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Malala Yousafzai, an honorary Canadian, urges Canada to act on education of girls around the world

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Published: 11:38 GMT, Apr 13, 2017 |
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Nobel Peace Prize winner Malala Yousafzai is calling on the Canadian government to lead a global effort to prioritize education for girls and refugees.

In an address to Parliament Wednesday, Ms. Yousafzai asked Canada to make girls’ education a central theme of its G7 presidency in 2018, to use its influence to help fill the global education funding gap and to prioritize 12 years of schooling for refugees:

I stand with girls, as someone who knows how it feels to have your right of education taken away and your dreams threatened. I know where I stand. If you stand with me, I ask you to seize every opportunity for girls’ education over the next year.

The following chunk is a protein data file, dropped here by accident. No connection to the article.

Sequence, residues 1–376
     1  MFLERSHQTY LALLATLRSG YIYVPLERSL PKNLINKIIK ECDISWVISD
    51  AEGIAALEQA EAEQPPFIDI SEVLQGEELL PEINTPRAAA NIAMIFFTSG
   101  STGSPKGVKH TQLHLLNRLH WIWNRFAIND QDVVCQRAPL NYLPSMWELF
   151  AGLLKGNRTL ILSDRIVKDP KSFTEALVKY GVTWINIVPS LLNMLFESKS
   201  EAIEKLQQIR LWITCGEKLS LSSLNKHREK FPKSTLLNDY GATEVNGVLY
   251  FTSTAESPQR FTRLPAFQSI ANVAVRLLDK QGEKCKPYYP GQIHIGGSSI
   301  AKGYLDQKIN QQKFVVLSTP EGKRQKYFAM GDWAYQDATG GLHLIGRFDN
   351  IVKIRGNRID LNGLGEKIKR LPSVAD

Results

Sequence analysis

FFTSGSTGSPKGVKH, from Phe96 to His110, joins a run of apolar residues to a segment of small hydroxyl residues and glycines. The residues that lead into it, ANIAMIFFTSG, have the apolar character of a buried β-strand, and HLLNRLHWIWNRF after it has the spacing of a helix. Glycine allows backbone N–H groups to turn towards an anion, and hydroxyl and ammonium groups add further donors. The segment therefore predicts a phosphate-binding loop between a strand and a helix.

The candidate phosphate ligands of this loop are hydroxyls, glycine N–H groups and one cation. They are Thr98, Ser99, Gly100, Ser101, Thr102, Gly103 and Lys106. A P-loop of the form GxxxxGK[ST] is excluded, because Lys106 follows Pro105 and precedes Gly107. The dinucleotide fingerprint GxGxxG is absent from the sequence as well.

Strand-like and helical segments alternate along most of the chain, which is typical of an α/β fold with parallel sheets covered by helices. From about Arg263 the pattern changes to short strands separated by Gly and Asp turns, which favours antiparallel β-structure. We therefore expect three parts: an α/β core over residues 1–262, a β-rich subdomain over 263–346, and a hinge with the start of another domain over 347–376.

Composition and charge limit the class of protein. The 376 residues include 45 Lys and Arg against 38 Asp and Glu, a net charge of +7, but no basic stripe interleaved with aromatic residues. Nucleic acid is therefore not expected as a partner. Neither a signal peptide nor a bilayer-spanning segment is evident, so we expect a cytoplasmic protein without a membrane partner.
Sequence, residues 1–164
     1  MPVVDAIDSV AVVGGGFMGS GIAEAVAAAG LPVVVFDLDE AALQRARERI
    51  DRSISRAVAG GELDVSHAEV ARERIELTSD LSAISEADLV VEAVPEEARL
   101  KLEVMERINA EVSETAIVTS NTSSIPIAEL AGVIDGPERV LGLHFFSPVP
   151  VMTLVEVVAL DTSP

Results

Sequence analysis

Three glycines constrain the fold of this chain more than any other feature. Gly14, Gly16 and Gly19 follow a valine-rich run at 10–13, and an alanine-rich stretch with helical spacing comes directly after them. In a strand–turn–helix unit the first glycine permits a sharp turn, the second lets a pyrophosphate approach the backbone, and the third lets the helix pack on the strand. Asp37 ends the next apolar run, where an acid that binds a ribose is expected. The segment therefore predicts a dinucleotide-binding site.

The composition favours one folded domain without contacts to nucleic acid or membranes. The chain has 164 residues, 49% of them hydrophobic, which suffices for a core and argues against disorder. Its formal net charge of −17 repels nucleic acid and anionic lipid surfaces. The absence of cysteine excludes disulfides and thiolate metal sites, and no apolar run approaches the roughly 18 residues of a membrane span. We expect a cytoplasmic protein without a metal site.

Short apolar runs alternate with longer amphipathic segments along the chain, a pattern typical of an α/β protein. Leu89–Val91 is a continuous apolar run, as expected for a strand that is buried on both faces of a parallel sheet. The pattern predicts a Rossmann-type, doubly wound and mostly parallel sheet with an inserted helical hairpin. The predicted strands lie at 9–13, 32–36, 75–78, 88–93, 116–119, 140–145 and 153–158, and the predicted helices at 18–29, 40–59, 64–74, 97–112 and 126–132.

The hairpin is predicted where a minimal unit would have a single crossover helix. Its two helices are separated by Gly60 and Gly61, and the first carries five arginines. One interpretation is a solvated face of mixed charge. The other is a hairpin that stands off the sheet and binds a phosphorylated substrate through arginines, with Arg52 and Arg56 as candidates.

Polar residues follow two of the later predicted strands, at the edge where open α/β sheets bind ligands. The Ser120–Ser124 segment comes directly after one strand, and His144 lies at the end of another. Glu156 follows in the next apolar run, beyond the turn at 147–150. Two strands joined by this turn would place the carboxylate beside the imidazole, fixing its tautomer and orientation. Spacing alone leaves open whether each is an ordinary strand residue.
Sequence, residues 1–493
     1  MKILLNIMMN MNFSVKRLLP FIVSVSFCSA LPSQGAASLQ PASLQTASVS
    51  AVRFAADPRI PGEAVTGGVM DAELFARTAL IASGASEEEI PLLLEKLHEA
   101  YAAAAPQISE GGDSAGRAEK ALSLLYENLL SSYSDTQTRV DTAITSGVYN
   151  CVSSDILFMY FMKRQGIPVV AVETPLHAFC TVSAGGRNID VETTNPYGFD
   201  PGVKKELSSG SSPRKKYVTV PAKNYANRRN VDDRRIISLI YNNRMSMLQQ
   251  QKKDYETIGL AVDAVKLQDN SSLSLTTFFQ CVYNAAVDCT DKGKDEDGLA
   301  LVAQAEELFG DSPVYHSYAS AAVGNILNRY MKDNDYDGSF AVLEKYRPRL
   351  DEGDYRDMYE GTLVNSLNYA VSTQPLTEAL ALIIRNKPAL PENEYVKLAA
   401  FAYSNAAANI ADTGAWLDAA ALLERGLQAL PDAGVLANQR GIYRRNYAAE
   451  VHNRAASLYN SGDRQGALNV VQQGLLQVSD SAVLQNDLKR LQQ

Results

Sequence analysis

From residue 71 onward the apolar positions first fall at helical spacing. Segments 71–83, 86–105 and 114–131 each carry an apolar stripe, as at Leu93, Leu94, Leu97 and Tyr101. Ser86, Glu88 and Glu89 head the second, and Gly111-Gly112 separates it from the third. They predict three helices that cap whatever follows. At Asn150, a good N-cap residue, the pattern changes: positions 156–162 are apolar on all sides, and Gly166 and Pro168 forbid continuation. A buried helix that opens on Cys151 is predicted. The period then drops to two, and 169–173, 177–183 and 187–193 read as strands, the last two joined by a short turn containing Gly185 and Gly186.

In her address, she specifically asked Canada to host the upcoming meeting of the Global Partnership for Education (the only global fund solely dedicated to education in developing countries), to bring world leaders together and raise new funding for girls to go to school.

Ms. Yousafzai, 19, was in Ottawa on Wednesday to accept her honorary Canadian citizenship and address Parliament.

Ms. Yousafzai, 19, became an education activist after she survived a Taliban assassination attempt in 2012 as she was leaving school in Pakistan’s Swat Valley. The terror group targeted her for her campaign against its efforts to deny women education. She now lives in London, where she received medical treatment after she was shot, and is finishing secondary school. Earlier this week, she was appointed a United Nations Messenger of Peace, making her the youngest person to ever hold the UN’s highest honour. She was also the youngest person to win the Nobel peace prize in 2014, at the age of 17.

She becomes the sixth person to receive honorary Canadian citizenship; the other five are the Dalai Lama, the Aga Khan, Mr. Mandela, Burmese activist Aung San Suu Kyi and Swedish diplomat Raoul Wallenberg. She is also the youngest person to address Parliament, joining the ranks of the Aga Khan, Nelson Mandela and former UN Secretary-General Kofi Annan.